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Memory and Narrative As Interpretive Devices

Meena R. Menon

By Srila Roy
Oxford University Press, New Delhi, 2012, pp. 252, Rs. 725.00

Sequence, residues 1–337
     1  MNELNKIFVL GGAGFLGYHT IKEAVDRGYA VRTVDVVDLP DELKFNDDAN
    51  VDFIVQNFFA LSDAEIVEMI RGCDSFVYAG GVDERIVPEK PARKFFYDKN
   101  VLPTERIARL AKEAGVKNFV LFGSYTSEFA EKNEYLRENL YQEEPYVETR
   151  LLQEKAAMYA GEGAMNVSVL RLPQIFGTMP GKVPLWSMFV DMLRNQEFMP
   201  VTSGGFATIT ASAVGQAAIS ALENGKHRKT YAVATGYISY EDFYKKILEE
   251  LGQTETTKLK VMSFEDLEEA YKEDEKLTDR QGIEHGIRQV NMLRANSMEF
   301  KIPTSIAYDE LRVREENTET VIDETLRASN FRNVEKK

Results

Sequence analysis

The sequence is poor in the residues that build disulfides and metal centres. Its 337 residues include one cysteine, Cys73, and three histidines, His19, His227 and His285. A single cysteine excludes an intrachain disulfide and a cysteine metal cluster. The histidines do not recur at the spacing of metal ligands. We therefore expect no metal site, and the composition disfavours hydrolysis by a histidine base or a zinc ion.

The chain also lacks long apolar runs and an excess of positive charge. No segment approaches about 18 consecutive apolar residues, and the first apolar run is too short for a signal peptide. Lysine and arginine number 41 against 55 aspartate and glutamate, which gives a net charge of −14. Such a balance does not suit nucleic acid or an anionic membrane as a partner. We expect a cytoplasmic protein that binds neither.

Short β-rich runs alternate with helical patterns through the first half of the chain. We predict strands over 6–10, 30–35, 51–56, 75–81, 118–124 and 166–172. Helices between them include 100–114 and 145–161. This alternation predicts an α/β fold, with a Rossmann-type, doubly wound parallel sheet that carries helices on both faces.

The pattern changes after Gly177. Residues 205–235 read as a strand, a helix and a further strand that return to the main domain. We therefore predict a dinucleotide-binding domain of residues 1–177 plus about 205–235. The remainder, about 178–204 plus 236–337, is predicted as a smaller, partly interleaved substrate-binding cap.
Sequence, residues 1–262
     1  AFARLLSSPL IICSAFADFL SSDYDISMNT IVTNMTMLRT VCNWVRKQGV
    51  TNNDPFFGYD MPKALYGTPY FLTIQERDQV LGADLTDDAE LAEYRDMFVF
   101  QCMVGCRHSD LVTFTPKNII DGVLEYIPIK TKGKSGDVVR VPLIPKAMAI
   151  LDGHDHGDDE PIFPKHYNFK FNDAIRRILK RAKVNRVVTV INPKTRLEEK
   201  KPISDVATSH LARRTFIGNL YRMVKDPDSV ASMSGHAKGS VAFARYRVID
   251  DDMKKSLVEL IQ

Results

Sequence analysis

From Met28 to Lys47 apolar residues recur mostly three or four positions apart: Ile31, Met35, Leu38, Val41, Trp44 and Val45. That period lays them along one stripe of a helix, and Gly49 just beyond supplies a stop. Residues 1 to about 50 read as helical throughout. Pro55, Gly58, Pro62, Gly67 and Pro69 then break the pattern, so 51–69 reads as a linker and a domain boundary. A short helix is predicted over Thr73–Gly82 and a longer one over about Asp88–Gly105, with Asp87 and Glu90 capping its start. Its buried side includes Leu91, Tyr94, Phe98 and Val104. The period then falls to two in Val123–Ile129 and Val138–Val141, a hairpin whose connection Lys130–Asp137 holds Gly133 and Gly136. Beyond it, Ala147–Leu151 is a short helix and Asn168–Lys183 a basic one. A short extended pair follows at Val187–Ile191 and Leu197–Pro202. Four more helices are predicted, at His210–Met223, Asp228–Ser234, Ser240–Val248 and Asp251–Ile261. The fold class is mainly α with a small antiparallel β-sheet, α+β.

Remembering Revolution is a perceptive, sympathetic and yet systematic and rigorous study of gender in the Naxalite movement in the 60s and 70s. There have been many studies of the Naxalite movement of late, but none that has explored the role of women from the point of view of their own experiences and motivations on the one hand, and on the other, examining the attitudes existing then among their male comrades, the party leadership, family and social milieu, which in turn influenced what they did and thought. In the introduction to the book, the author has made an exceptional contribution to the discourse on memory and narratives in history and sociology, on the methodology of using life stories and perceptions for understanding and interpreting social and political processes. This is extremely useful in the background of the growing popularity and validation of oral history. She evaluates the strengths of using ‘stories’ while admitting some of the pitfalls of romanticizing it. Roy describes memory and narrative as interpretive devices and describes the book as one that ‘locates the work of personal remembrance in a wider remit of cultural forms and meanings; of cultural representations and historical interpretations of Naxalbari’. Remembering Revolution is an excellent example of how narratives can be used, without losing rigour or academic merit, to theorize popular memory processes in order to understand and historically locate ‘cultural repertoires of history’.   The book brings out the cultural construct of the ideal of the revolutionary, which is based on ‘revolutionary masculinity’ and ‘heroic feminity’. This image deeply influenced the way that both men and women in the movement viewed themselves and each other; it influenced their relationships and those with their families and society. It is clear from Roy’s work that this ideal was based on dominant middle class male ideals, (particularly in Bengal which forms the backdrop for this study), that are deeply prejudiced against all that is traditionally feminine, and therefore weak, emasculating, powerless, even shameful. She points out that this is combined with a romanticizing on the other hand, of the mother, the lover, the home maker. As a result, for women in the revolutionary movement to negotiate these contradictory ideals was well nigh impossible. The book has used narrative to bring out these contradictions, in the way women perceived and moulded themselves, in the way male-female relationships were conducted, and the way the party dealt ...

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